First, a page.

If you try to lose weight by eating less, but keep eating on a regular basis, the intake of food stimulates insulin release, and as long as there is insulin circulating you're not going to break into the fat stores.  Instead, the body will decrease the resting metabolic rate - you feel cold and crappy.  You can try to overcome this with vigorous exercise through amazing strength of will, but that will give you almost unstoppable hunger.  It's nearly impossible.

The easy version of this is 16:8 eating, which I would recommend to just about any adult (pregnant and nursing moms excluded).  You just fit all your eating into an 8 hour period, say, from 11AM to 7PM.  But I'm an overachiever, and so at the moment I'm doing more like 22:2 eating.  I eat between 6:30pm and 8:30pm most days.  (I do have a latte' in the morning, so it's not a real fast - there's whole milk in there.)  I move from the latte' to tea, water and other no or very low calorie drinks for the rest of the day, up until dinner which I eat with my family.

What I like about this is the simplicity.  I haven't changed my life much.  I already wasn't having a sit down breakfast, but I was eating nuts (walnuts, pecans, macadamia nuts, pistachios, hazelnuts) that I have in my desk at work, and I was eating lunch.  Various treats show up at work and I've been pretty good about avoiding them.  Now it's simple.  I only drink at work, I don't eat.  When I get home, I eat dinner with my family like always.

Hunger comes in waves, it doesn't grow and grow endlessly.  If you can get through the wave of hunger, you can get on with your life.  For sure, this is easier on days I'm in the office.  Monday is my day off, and I've broken from the pattern on two Mondays: one because I was doing some elaborate cooking and it's hard to cook without tasting and more recently because for the MLK holiday my husband went to the French bakery and bought pastries.

I haven't tried going longer than 22,23 hours, but I hear that's not as hard as it sounds either.  I'd love to hear from other people who have tried this - what was your experience?



Yes, this can be a big one for pregnant/expecting moms. You are normally advised to each as much as you are hungry simply for the best health of the baby at end day. I have shared a link below with safe ways to stay hleahty during a pregnancy.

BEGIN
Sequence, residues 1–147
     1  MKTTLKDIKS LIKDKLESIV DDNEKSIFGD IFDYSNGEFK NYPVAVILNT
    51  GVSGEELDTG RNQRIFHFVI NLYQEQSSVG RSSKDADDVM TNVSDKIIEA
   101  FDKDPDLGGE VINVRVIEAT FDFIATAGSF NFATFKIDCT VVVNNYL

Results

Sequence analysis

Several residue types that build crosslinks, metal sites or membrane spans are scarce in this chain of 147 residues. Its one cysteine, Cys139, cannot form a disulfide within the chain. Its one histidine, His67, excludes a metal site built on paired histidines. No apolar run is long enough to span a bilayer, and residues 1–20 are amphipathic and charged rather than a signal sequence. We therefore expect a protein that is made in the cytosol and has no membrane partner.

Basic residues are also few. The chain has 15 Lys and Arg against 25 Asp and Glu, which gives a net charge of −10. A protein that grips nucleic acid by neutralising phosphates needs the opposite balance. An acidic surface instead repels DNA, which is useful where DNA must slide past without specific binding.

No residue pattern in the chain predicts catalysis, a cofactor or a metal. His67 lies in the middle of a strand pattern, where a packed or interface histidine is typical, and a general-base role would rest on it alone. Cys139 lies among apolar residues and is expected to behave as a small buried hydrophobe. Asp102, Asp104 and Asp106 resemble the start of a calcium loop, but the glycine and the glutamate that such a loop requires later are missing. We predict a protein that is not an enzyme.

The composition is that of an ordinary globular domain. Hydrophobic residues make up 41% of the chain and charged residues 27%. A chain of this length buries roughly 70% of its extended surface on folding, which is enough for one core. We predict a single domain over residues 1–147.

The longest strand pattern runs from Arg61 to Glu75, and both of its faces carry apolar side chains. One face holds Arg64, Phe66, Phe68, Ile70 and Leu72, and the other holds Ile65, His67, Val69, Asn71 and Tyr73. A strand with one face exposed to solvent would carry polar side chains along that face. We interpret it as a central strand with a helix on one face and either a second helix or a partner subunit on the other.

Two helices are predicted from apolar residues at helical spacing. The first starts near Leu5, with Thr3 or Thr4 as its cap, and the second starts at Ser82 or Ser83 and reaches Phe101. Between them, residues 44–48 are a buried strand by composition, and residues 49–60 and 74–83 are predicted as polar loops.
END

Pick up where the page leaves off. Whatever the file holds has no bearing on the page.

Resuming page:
https://menstrual-cycle-calculator.com/ear-infection-during-pregnancy/
 
Julia Winter
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I have now gone longer than just a day three times.  The first time I was out busy in the garden, got hungry about 5:30pm and texted my husband, but got no response.  Both kids were eating with friends so I just kept working in the garden (I can get a bit obsessive with the ol' chop n drop) until I noticed it was getting dark.  Here in northern Oregon that meant it was 9pm, so I just decided not to eat.  I was a little concerned I'd have a hard time at work the next day, but I was fine.  This almost 2 day fast dropped my weight about 3 pounds.

I noticed that according to my fancy scale (it tells me my total weight and then it tells me how many pounds of fat I have) I am burning 3-4 pounds of fat every day, and then re-making that fat at night after eating.  So I suppose it makes sense if I can go two days, I will drop 3 pounds.

I'm at a retreat at the Omega Institute in the Hudson River Valley (beautiful).  I ate dinner with friends in New York City Saturday, then spent Sunday traveling north.  I decided not to eat Sunday as I didn't have any really good options.  Then this morning I noticed that breakfast is the only meal here where they offer animal products (eggs and cheese).  So, I've decided to switch my single meal to breakfast.  We'll see how it goes!  I'll probably feel hungry tonight at 6pm, but there's lots to do here, I should be fine.  Hunger never goes on and on, it just pipes up for a while and then settles.  At least, that's what it does for me, since I've got all this fat to burn.  That's what it's for, after all.
 
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I can't really fast as I'm hypo glycemic and will faint. I do the "Eat Fat Get Thin" thing. Basically meat and veggies is all you can eat. I do add dairy in by choice. I always feel healthy and full and just good while doing that. The problem is my penchant for donuts and pasta.
 
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Sometimes I feel like no-eating fits me, but I cannot stay on this diet for too long. Especially if I dring certain amounts of water.
 
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I've been doing paleo consistently for almost 3 months now and have noticed that my stomach seems to be more sensitive now than when I was eating gluten/dairy every day. I wanted to try the paleo diet because I do think it has a lot of beneficial aspects (no processed foods, no grains, etc.) at the same time I am also worried about lack of fiber-rich food such as dairy, legumes, and whole grains might increase my chances of suffering through cardiovascular disease.
https://www.myhealthyclick.com/why-paleo-diet-could-be-bad-for-your-heart-health/